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Hold the fat—How to have it your way when eating out


Best BetsPoor Picks
  • Minestrone soup
  • Italian bread or breadsticks
  • Linguini with red clam sauce
  • Pasta with marinara or wine-based sauce
  • Veal piccata
  • Chicken cacciatore
  • Antipasto
  • Garlic bread
  • Pasta with creamy white or butter sauces (Alfredo and carbonara)
  • Cheese or meat-filled pasta dishes (lasagna, ravioli and manicotti)
  • Sausage and peppers
  • Parmesan dishes

Soul Food

Best BetsPoor Picks
  • Steamed greens
  • Baked sweet potatoes
  • Rice and beans
  • Grilled skinless chicken
  • Baked fish
  • Broiled catfish
  • Collard greens cooked with animal fat
  • Fried chicken
  • Barbeque spare ribs
  • Smothered chicken or pork


Best BetsPoor Picks
  • Wonton soup
  • Hot and sour soup
  • Steamed dumplings
  • Steamed rice
  • Lo mein
  • Chow mein
  • Chop suey
  • Fried noodles
  • Egg rolls
  • Fried dumplings
  • Fried rice
  • Spareribs
  • Egg foo young
  • Peking duck

Fast Food

Best BetsPoor Picks
  • Salad with low-fat dressing
  • Plain baked potato
  • Grilled chicken or fish sandwich
  • Plain, single hamburger
  • Pizza with vegetable toppings
  • Low-fat frozen yogurt
  • Onion rings
  • French fries
  • Fried chicken or fish sandwich
  • Double-decker hamburgers or cheeseburgers
  • Pizza with pepperoni, sausage, or extra cheese
  • Milkshakes

Whether it’s a quick meal on the run, an elegant evening of fine dining or just an excuse to avoid washing dishes, eating out has become part of our everyday lifestyle. In fact, the average American eats one in five meals away from home.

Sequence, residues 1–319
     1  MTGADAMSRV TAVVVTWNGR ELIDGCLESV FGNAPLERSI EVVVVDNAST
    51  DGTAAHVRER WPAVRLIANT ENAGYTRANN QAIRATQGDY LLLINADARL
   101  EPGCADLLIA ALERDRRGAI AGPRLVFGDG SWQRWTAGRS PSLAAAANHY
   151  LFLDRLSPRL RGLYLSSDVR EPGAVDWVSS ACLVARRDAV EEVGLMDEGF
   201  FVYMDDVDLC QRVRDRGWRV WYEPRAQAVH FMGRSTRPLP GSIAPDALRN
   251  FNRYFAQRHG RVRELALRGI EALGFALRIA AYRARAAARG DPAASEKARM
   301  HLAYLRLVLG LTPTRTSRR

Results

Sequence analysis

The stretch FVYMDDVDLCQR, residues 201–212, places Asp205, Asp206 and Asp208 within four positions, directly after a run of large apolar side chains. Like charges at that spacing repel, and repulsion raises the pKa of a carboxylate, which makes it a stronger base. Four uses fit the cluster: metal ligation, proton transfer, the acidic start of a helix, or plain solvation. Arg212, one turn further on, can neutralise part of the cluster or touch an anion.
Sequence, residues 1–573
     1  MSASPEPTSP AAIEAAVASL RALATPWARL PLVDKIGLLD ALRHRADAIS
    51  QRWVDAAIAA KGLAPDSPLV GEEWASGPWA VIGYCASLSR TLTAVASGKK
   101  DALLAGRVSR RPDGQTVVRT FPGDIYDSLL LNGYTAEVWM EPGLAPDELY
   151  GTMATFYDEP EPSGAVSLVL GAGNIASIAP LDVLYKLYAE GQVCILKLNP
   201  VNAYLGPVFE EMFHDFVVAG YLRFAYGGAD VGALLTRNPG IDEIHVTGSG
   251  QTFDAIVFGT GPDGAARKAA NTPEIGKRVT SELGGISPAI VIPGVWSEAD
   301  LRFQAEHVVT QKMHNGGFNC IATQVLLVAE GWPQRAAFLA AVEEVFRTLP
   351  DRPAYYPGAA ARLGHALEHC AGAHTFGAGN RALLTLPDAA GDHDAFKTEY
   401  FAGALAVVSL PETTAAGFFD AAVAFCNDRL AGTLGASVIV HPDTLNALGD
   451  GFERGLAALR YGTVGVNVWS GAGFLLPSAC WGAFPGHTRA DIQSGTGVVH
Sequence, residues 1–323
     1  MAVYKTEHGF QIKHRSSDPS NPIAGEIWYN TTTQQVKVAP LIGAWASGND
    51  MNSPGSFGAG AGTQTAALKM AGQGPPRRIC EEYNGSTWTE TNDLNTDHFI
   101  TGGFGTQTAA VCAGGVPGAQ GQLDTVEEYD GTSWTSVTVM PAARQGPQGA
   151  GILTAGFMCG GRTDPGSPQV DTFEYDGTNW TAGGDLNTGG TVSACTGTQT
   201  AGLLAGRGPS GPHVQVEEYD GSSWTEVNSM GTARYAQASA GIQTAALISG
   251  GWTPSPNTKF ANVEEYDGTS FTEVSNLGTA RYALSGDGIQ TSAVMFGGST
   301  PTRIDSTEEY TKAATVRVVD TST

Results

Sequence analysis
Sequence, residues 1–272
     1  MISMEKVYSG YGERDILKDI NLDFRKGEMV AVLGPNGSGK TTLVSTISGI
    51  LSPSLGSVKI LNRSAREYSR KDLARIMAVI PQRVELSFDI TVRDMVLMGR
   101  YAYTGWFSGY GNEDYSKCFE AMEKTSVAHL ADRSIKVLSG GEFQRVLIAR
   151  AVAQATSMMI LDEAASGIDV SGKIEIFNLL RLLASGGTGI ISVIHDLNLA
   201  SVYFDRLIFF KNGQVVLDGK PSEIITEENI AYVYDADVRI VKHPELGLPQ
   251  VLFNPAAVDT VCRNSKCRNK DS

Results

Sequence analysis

Unfortunately, it’s difficult to monitor the fat content of food when someone else is doing the cooking. But thanks to the growing willingness of restaurants to please health-conscious patrons, it’s possible to order a truly low-fat meal. Here’s how:

  • Look for special notes and symbols indicating low-fat menu items. If low-fat selections aren’t flagged, scan the menu for dishes that are broiled, grilled, poached, roasted or steamed. Steer clear of fried or deep-fried dishes, sometimes described as “crispy” or “battered.” Watch out for butter sauces as well as cheese- and cream-based sauces, which are often identified by terms like “au gratin,” “creamed,” “parmesan” or “scalloped.”
  • Have the chef remove the poultry skin and visible fat from other meats.
  • Find out if your meal can be prepared without oil, butter or margarine.
  • Ask that salad dressings, sauces, gravies, condiments and toppings be served on the side so that you can control how much you use.
  • Have the server limit your serving of meat, fish or poultry to three ounces—about the size of a deck of cards. You also can limit yourself by ordering an appetizer-sized portion.
  • Request fresh fruit for dessert, even if it’s not listed on the menu. Angel food cake and sorbets are good choices, too.

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